by Craig Stephen and Zee Leung
OTTAWA, Aug. 27 2014 /CNW Telbec/ - Infectious diseases know no borders, whether it's Ebola spreading from Guinea to Liberia, measles in the Fraser Valley brought to Canada from the Philippines, or MERS claiming victims across the Middle East. These health crises are grim reminders that new and old infectious diseases often strike where and when we least expect them, in ways that confound us.
But given unprecedented environmental change, intensifying global trade, and increasingly mobile and growing populations, we should expect the unexpected.
SARS, West Nile Virus, and H1N1 are recent examples of deadly diseases that travelled to reach our shores. They are also early reminders that new diseases will likely continue to emerge at the messy interface between people, animals, and the environment.
Experts say the current Ebola crisis was sparked by bushmeat, bat migration, and deforestation. Border crossings in West Africa are closed as the death toll grows steadily higher. Even medical staff are at risk from the virus, which have infected a number of them, and claiming the lives of some. So what can we do in the face of inevitable and devastating disease outbreaks?
The global response has been to assume we live in a predictable world; if we develop the right test or prescribe the right drug, we can stop the next big disease outbreak in its tracks. But nature can be unpredictable. Our poor record of forecasting the next outbreak is a testament to this. And as we are seeing with Ebola, effective diagnostics and medical treatment can be powerless against community mistrust, historical tensions, and local funeral customs.
To protect ourselves against the next outbreak looming on the horizon, not only do we need emergency responses that work closely with communities, we also need to invest in healthy ecosystems and strong communities: clean and safe environments; nutritious and accessible sources of food; health education; basic sanitation; effective healthcare systems; and strong infection control. These are just some of the measures that can help populations build up resilience for an uncertain future.
Canada is making a unique contribution to this goal. Our country is a leading supporter of innovative research where scientists work hand in hand with communities to improve the ways that we respond to and prevent dangerous diseases like Ebola. This August, Montreal hosted the 5th Biennial Conference of the International Association for Ecology and Health. Five-hundred delegates from 62 countries took part. Canada's International Development Research Centre (IDRC) was a proud co-sponsor of the event, drawing on its long history of building partnerships between Canadian and international scientists, governments, and communities to make people and animals less vulnerable to disease.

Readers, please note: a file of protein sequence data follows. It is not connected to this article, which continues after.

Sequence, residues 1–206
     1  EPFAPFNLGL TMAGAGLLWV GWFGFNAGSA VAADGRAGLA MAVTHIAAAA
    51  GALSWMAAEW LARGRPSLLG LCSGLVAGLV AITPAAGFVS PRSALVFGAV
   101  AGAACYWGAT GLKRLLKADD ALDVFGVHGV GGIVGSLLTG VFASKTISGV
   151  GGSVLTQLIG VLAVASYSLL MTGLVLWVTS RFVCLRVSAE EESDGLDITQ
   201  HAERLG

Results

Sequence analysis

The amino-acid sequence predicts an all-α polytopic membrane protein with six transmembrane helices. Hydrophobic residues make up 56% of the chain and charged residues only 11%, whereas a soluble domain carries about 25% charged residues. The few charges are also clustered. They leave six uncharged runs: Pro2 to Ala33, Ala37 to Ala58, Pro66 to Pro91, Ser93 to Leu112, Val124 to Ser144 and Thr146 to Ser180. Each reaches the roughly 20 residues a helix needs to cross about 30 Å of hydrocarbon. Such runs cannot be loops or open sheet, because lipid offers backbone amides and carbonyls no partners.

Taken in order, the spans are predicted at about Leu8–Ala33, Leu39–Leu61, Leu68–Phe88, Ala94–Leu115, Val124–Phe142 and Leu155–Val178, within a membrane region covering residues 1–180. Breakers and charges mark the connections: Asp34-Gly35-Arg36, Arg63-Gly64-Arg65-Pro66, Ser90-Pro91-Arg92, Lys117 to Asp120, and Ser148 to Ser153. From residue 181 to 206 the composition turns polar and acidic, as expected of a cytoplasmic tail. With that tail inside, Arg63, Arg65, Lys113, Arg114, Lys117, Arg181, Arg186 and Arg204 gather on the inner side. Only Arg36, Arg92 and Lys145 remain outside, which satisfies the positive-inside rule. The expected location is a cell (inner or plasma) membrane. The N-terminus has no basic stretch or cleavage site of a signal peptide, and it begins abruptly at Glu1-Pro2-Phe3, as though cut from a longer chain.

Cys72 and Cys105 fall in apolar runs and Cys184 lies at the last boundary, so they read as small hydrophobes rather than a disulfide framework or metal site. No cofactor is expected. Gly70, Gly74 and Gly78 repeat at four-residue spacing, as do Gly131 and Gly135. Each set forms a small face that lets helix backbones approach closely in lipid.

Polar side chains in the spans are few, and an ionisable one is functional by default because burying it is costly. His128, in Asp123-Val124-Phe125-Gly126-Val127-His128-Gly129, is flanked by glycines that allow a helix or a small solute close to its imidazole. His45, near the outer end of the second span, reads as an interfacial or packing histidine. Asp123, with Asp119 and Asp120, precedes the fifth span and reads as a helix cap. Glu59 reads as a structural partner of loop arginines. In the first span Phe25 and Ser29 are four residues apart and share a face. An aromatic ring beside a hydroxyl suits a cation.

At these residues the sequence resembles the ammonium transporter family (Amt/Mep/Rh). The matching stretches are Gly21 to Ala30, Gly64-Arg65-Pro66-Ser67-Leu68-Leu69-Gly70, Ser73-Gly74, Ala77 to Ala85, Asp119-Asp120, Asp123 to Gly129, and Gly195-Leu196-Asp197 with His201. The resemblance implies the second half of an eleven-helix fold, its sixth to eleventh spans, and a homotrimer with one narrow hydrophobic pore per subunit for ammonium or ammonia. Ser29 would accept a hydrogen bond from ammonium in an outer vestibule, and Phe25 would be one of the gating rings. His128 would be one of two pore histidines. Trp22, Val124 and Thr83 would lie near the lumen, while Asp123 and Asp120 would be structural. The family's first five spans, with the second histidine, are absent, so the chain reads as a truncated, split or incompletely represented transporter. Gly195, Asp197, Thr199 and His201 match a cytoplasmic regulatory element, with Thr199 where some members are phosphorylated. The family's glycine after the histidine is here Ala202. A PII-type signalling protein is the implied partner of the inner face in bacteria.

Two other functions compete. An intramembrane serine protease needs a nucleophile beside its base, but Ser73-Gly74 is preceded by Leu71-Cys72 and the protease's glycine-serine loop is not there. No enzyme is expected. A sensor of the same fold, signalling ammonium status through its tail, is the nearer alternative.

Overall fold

For example, in Tunisia, climate change and water shortages have contributed to outbreaks of cutaneous leishmaniasis - a severe, disfiguring infection spread through rodents and sandflies. Researchers supported by IDRC worked with farmers to rethink irrigation practices and reduce exposure to the disease.
In 2011 IDRC helped scientists, health officials, schools, and community leaders in Thailand fight a liver cancer-causing parasite spread through food and poor sanitation. The resulting strategy combined drug treatment with health education to improve hygiene and food safety practices, cutting the infection rate in half in just 2 years.
Other Canadian initiatives are taking a similar approach to diseases threatening wildlife. The Canadian Wildlife Health Cooperative is working with provincial, national, and US partners to tackle White Nose syndrome in bats, safeguarding their importance to farmers as effective pest-control agents and supporting healthy ecosystems.
While we can't predict the next new disease, we can take steps to prevent its devastating impact: invest in local health knowledge and infrastructure, improve understanding and trust in disease prevention and control measures before crises occur, help communities secure clean and safe sources of food and water, and create healthy and functional environments for people and animals.
Craig Stephen is the Executive Director of the Canadian Wildlife Health Cooperative (CWHC). Zee Leung is a Program Officer in Canada's International Development Research Centre's ecohealth program.
SOURCE: International Development Research Centre
For further information: Marianne Goodwin, Senior Media and Public Affairs Advisor , Communications Division, International Development Research Centre, +1 613 696-2343, email@example.com